The All-Inclusive Epic Poker Glossary of 127+ Terms

Poker terms

Hit the (virtual) books, greenhorn. Read up and learn the lingo of poker terms before your next playing session.

For all the endless poker terms thrown around at poker tables you would be forgiven for thinking that players had finally seceded to make their own nation, complete with its own language.

Most pure poker games can be learned in 5 minutes. The same can’t be said for its glossary of terms, which would make Noah Webster blush.

I talked to the floorman two hours ago about getting a seat to left of that donk in seat 7 and now this rec in seat 5 keeps straddling every hand. Now this seat’s completely cold and I can’t see a cheap flop to save my life. The fish is nursing a short stack and will bust out any hand now.

Huh? Maybe you better stay and look around awhile.

The one poker glossary you need to understand pokerese

My goal is to create the ultimate glossary of poker terms; the one place you need to visit to make sure you understand words dealers might say to you at tables built on bricks or a player might chat to you at a table made of bits.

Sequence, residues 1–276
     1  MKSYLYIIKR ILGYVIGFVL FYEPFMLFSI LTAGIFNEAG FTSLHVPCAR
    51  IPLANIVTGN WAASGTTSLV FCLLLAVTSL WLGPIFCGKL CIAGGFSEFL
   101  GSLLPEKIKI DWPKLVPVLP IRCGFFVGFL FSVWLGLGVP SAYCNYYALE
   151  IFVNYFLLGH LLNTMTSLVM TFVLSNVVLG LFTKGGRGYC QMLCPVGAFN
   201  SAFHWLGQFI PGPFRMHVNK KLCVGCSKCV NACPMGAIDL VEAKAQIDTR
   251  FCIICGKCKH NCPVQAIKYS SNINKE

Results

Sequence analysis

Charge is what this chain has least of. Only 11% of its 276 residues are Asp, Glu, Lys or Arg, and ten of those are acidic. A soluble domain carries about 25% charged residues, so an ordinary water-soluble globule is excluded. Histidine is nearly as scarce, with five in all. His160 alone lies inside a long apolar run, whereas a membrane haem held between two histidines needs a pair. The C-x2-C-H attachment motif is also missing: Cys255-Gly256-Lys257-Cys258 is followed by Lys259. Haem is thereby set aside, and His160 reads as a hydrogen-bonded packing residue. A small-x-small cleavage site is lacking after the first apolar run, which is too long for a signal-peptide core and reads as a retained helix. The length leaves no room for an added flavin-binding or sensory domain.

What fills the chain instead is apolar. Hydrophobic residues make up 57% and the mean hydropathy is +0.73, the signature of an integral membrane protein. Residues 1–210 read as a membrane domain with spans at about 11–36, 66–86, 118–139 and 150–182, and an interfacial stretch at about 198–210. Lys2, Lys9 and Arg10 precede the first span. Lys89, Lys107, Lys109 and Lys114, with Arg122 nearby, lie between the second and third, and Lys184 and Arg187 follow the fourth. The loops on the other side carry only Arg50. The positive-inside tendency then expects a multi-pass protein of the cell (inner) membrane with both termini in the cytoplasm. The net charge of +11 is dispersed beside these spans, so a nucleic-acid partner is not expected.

Strategy forums can be excellent sources of elitist players who usually have a great mind to spot leaks in your play, even if done so harshly. They’re also going to speak pokerese, meaning you need to understand poker terms to derive any sort of value from the advice.

Poker dictionary of terms

Poker glossaries and dictionaries of terms require updating once in a while in the online age.

The poker dictionary is constantly changing

The lexicon of poker terms and their definitions also seems to need updating as often as a teenager who just downloaded Instagram. As the game moved online and new forms of poker were invented the glossary of poker terms expanded another volume.